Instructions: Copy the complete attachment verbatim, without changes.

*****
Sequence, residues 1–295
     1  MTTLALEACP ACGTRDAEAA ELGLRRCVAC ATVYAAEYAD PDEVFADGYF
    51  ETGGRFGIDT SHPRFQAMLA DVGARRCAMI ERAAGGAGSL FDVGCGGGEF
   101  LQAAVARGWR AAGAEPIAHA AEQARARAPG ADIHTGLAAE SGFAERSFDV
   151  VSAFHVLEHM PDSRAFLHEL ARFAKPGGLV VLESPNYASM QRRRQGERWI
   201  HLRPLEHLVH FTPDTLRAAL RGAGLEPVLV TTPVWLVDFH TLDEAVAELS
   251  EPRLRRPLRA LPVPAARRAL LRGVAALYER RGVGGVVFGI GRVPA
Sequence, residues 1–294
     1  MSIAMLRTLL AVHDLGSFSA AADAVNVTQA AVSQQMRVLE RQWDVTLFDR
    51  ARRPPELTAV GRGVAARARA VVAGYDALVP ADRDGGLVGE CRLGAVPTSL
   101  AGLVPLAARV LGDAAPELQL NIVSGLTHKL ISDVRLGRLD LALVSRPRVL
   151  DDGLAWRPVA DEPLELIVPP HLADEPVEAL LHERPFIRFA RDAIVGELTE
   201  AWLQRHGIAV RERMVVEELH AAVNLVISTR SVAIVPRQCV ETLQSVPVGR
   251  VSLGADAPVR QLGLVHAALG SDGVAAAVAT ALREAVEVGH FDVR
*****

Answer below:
Sequence, residues 1–295
     1  MTTLALEACP ACGTRDAEAA ELGLRRCVAC ATVYAAEYAD PDEVFADGYF
    51  ETGGRFGIDT SHPRFQAMLA DVGARRCAMI ERAAGGAGSL FDVGCGGGEF
   101  LQAAVARGWR AAGAEPIAHA AEQARARAPG ADIHTGLAAE SGFAERSFDV
   151  VSAFHVLEHM PDSRAFLHEL ARFAKPGGLV VLESPNYASM QRRRQGERWI
   201  HLRPLEHLVH FTPDTLRAAL RGAGLEPVLV TTPVWLVDFH TLDEAVAELS
   251  EPRLRRPLRA LPVPAARRAL LRGVAALYER RGVGGVVFGI GRVPA
Sequence, residues 1–294
     1  MSIAMLRTLL AVHDLGSFSA AADAVNVTQA AVSQQMRVLE RQWDVTLFDR
    51  ARRPPELTAV GRGVAARARA VVAGYDALVP ADRDGGLVGE CRLGAVPTSL
   101  AGLVPLAARV LGDAAPELQL NIVSGLTHKL ISDVRLGRLD LALVSRPRVL
   151  DDGLAWRPVA DEPLELIVPP HLADEPVEAL LHERPFIRFA RDAIVGELTE
   201  AWLQRHGIAV RERMVVEELH AAVNLVISTR SVAIVPRQCV ETLQSVPVGR
   251  VSLGADAPVR QLGLVHAALG SDGVAAAVAT ALREAVEVGH FDVR